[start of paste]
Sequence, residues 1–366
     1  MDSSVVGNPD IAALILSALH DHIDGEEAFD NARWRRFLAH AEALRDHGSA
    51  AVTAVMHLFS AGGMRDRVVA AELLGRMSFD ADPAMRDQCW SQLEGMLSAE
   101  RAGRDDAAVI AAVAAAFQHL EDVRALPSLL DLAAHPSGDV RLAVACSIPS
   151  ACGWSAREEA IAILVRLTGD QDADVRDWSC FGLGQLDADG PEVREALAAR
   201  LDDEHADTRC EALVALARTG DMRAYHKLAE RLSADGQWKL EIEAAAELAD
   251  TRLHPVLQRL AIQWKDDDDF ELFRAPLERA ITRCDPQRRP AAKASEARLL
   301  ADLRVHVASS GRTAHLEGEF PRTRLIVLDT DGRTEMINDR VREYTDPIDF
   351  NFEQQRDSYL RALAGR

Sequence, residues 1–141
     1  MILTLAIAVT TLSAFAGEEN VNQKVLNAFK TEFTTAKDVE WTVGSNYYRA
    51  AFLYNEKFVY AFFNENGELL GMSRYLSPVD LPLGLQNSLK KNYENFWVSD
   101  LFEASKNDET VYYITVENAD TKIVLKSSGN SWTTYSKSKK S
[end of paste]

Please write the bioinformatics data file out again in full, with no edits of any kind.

Sequence, residues 1–366
     1  MDSSVVGNPD IAALILSALH DHIDGEEAFD NARWRRFLAH AEALRDHGSA
    51  AVTAVMHLFS AGGMRDRVVA AELLGRMSFD ADPAMRDQCW SQLEGMLSAE
   101  RAGRDDAAVI AAVAAAFQHL EDVRALPSLL DLAAHPSGDV RLAVACSIPS
   151  ACGWSAREEA IAILVRLTGD QDADVRDWSC FGLGQLDADG PEVREALAAR
   201  LDDEHADTRC EALVALARTG DMRAYHKLAE RLSADGQWKL EIEAAAELAD
   251  TRLHPVLQRL AIQWKDDDDF ELFRAPLERA ITRCDPQRRP AAKASEARLL
   301  ADLRVHVASS GRTAHLEGEF PRTRLIVLDT DGRTEMINDR VREYTDPIDF
   351  NFEQQRDSYL RALAGR

Sequence, residues 1–141
     1  MILTLAIAVT TLSAFAGEEN VNQKVLNAFK TEFTTAKDVE WTVGSNYYRA
    51  AFLYNEKFVY AFFNENGELL GMSRYLSPVD LPLGLQNSLK KNYENFWVSD
   101  LFEASKNDET VYYITVENAD TKIVLKSSGN SWTTYSKSKK S